Let the Records Show

By Mardon, Mark | Sierra, May-June 1992 | Go to article overview

Let the Records Show


Mardon, Mark, Sierra


In 1930 a Sierra Club committee was formed to aid in rescuing Club memorabilia and other historical materials from their "obscure and precarious existence in the attics and trunks of our widely scattered membership." Today the Sierra Club Archives reside within the Bancroft Library, on the campus of the University of California at Berkeley. If this centennial issue of Sierra should pique your interest, it's there that you can most readily trace the Club's 100-year-long paper trail.

Be advised, though, that the Bancroft's Heller Reading Room is no place for casual browsing. Before entering, you must leave your coat, briefcase, and other extraneous items in an adjacent locker room, show the doorkeeper your I.D., and hand over your pens (only pencils or typewriters are permitted for notetaking). Finally, you will be waved through the plate-glass doors.

As in most libraries, you enter a hushed world--but here the documents you request require at least 24 hours to be brought from their temperature-controlled, fireproof storage vault. Around you, scholars pore over 4,000-year-old papyri, medieval manuscripts, the notebooks of Mark Twain, or leaflets from decades of social protest in California. Undergraduates and tenured professors alike cull obscure files, handling items delicately and solicitously, protective of the history they touch.

Of the Bancroft's 17,000 special collections, the Sierra Club Archives ranks among the largest--a veritable mountain of papers and photographs. It's also one of the best resources anywhere for investigating the environmental movement's history, according to Susan Schrepfer, author of The Fight to Save the Redwoods and a specialist in Sierra Club materials.

Schrepfer has been delving into the archives' holdings for some 20 years, since joining the Sierra Club History Committee, a volunteer panel of professional and amateur historians. One of her first projects was to visit the homes of long-time members to urge them to donate their worthy papers and old photos to the Bancroft. In the process she met people like James Rother of Berkeley, then, at 90, a Sierra Club member for 63 years. He and his wife had met Sierra Club founder John Muir on a Club outing in Yosemite in 1909, and Rother had a photograph of Muir regaling a group of members in Hetch Hetchy Valley (later inundated behind O'Shaughnessy Dam to provide San Francisco with drinking water).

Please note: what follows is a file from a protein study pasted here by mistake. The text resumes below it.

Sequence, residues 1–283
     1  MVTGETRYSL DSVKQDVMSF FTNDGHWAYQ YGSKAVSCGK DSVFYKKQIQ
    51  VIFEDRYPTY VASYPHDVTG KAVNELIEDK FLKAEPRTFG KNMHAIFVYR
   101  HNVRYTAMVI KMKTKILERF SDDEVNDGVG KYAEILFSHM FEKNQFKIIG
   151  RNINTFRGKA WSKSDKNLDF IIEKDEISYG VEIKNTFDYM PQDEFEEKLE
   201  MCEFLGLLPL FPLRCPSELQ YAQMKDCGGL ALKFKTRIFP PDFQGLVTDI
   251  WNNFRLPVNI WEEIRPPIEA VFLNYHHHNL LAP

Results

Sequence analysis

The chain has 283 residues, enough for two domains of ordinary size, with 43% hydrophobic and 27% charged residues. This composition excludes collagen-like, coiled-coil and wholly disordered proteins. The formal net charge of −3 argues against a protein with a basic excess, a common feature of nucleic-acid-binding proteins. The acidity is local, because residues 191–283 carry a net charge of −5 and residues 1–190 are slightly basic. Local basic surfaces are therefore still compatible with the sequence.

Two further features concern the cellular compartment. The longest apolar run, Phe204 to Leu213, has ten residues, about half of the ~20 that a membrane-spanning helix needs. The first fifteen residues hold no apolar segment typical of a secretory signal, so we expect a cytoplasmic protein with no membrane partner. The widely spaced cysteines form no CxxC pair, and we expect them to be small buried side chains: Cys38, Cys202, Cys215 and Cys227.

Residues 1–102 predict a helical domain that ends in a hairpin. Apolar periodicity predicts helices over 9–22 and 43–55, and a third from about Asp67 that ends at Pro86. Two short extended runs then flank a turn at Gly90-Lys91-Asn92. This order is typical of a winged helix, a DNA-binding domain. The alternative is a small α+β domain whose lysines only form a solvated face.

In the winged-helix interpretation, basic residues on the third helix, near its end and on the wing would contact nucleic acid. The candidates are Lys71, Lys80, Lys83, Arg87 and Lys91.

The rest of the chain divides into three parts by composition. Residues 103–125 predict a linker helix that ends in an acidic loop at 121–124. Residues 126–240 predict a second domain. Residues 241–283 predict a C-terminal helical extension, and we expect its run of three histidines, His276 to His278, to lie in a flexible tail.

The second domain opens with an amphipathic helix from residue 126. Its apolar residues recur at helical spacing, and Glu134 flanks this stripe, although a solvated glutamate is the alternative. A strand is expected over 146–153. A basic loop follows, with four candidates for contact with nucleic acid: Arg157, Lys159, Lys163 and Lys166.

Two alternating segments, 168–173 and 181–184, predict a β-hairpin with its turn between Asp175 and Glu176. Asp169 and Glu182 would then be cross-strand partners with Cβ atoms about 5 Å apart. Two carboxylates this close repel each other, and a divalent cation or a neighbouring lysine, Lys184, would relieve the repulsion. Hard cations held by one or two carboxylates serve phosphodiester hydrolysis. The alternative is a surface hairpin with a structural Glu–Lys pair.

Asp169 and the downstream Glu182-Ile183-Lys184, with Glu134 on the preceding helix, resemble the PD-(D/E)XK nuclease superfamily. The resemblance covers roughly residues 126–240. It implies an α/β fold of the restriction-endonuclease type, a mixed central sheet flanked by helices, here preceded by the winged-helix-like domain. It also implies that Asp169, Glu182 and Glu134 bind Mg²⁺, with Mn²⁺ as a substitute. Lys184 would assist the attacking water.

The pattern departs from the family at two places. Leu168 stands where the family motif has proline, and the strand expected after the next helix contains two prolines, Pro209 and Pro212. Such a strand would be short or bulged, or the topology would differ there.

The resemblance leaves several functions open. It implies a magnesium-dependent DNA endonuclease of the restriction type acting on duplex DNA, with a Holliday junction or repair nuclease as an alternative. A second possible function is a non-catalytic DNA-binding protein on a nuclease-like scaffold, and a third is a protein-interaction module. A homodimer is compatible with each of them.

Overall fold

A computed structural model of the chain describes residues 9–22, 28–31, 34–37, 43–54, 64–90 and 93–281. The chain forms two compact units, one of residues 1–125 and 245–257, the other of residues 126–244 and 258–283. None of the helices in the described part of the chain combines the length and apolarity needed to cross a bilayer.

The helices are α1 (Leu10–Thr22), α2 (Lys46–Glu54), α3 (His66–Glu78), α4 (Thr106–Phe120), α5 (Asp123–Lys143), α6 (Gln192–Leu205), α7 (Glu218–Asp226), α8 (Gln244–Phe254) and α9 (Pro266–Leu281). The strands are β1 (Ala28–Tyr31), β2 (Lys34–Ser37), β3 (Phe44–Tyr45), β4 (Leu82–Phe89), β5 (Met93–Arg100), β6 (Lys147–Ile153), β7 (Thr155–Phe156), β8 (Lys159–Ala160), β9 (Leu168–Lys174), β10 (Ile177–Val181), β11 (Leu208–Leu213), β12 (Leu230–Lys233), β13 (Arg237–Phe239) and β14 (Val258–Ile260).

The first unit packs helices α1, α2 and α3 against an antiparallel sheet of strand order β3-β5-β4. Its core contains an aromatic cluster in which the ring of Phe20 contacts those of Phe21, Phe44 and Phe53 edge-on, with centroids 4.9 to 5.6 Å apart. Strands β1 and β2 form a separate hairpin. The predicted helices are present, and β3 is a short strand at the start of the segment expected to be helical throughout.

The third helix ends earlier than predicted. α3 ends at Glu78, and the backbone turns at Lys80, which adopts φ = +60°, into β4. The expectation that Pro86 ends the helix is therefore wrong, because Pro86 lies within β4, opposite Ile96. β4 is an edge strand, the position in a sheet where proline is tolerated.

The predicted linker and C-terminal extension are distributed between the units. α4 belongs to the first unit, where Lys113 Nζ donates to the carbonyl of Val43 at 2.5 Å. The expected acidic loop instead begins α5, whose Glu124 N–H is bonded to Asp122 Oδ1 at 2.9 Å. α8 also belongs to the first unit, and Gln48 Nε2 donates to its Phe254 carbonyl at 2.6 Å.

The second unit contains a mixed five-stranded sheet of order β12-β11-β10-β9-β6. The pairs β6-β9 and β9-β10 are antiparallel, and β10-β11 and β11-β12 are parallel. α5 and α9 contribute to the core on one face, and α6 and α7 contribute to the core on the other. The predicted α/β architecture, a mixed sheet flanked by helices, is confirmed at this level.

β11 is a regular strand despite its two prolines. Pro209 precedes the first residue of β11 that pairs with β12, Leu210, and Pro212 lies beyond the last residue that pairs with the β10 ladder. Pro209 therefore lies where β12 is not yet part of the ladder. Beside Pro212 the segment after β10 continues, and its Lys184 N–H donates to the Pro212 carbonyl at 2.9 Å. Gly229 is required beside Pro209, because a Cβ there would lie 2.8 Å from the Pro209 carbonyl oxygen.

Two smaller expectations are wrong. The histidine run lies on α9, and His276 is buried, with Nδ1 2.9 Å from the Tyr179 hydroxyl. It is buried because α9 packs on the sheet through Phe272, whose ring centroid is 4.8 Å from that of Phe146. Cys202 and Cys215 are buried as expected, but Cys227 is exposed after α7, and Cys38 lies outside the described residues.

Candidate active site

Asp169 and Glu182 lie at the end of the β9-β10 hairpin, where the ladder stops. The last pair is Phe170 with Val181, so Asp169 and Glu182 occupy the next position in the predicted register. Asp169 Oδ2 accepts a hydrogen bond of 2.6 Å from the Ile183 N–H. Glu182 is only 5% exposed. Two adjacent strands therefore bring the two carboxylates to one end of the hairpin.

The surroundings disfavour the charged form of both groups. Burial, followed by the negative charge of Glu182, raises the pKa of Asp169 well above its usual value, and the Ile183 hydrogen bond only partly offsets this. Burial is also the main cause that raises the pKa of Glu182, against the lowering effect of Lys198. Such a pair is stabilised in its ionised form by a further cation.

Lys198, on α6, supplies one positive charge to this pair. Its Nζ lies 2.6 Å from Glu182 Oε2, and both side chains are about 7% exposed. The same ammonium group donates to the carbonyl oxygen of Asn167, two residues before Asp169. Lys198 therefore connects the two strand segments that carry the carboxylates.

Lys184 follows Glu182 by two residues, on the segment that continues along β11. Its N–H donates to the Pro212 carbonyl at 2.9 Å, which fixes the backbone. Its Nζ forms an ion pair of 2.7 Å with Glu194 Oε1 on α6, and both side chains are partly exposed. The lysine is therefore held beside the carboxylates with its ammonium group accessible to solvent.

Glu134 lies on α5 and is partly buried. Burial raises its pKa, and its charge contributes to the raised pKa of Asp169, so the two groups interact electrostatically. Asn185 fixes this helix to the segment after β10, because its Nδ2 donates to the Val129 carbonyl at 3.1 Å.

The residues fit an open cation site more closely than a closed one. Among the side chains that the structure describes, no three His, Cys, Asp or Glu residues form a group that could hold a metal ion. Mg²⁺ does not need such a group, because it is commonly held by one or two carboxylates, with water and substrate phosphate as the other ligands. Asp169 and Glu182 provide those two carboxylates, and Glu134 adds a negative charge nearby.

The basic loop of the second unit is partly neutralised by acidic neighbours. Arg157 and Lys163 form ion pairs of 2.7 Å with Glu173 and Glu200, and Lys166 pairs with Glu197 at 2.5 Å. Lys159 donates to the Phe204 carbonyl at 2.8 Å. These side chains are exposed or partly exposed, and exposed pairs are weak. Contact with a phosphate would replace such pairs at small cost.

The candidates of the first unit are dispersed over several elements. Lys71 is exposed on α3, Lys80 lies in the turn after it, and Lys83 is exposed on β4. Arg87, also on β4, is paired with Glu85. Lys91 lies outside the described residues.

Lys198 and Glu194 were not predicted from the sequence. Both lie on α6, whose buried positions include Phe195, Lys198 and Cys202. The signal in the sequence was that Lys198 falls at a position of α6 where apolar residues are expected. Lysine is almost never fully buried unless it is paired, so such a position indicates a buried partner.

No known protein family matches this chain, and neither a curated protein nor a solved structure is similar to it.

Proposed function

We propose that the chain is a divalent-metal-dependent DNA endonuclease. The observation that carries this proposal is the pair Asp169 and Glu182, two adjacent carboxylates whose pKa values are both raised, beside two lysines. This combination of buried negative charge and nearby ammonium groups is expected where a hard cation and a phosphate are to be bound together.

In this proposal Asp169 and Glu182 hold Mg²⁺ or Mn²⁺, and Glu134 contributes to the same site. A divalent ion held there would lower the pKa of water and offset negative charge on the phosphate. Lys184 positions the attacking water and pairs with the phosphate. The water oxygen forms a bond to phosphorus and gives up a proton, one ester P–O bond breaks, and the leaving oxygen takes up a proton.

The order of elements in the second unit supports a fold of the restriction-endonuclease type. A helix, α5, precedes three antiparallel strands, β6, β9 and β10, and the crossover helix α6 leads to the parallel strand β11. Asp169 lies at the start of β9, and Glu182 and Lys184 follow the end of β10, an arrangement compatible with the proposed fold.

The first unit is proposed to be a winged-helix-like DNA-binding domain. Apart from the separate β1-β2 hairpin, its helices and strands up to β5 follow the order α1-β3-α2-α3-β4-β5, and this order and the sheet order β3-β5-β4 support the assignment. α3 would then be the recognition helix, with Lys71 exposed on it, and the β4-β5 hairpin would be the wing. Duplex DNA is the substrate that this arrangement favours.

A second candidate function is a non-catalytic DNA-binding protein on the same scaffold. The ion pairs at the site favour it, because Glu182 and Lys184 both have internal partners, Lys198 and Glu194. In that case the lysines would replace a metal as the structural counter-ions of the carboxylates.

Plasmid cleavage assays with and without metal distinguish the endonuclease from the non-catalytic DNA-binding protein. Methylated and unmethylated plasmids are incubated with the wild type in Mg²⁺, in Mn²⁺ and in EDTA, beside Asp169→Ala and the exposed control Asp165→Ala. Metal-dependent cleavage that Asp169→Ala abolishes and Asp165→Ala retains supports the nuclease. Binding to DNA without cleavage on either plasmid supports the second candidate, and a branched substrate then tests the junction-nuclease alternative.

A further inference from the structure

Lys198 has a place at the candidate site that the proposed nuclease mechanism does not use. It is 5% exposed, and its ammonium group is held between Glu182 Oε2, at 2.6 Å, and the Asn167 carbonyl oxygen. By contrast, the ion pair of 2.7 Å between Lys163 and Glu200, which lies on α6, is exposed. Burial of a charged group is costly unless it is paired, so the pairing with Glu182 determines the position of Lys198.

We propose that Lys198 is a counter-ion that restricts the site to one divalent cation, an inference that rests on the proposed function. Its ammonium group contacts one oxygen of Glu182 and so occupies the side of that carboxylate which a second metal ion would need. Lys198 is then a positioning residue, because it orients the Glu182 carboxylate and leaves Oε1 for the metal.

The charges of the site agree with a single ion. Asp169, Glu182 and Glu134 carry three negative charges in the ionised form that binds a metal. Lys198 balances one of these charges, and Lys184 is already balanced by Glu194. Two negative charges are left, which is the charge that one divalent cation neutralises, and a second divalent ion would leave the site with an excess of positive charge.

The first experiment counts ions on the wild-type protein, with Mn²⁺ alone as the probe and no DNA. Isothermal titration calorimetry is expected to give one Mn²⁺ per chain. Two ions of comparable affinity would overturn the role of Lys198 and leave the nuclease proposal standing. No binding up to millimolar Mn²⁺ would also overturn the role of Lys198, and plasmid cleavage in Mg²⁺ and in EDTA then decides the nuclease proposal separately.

That image now shares space with 44,500 others in the Sierra Club Archives. If you're looking for vintage shots of mountaineering women in bloomers, or of pack trains, blacksmiths, cliff dwellings, or mountain scenery, this is the place to come. The works of such eminent turn-of-the-century photographers as Joseph N. LeConte and Edward T. Parsons are here, as are later images by masters such as Ansel Adams (who recorded numerous Sierra Club outings beginning in the 1920s), Cedric Wright, and Philip Hyde. Less technically perfect but no less engaging are the lovingly assembled "High Trip" albums compiled by anonymous participants in the Club's annual outings between 1901 and the mid-1950s.

While the Club's photographic collection is impressive, it is dwarfed by the mass of written material (1,100 cartons' worth) that has poured into the Bancroft over the years. This agglomeration of paper recently underwent a meticulous appraisal, sorting, rearranging, and indexing--an effort spearheaded by the Bancroft's manuscripts division. The result is an orderly array of the memoranda, letters, membership lists, accounting logs, journals, oral histories, summit registers, outings announcements, election ballots, books, postcards, posters, and maps produced or accumulated by Club members since 1892.

Those materials are now so voluminous that tracking down individual items demands recourse to several bound index volumes keyed to particular aspects of the collection (and a good deal of patience). …

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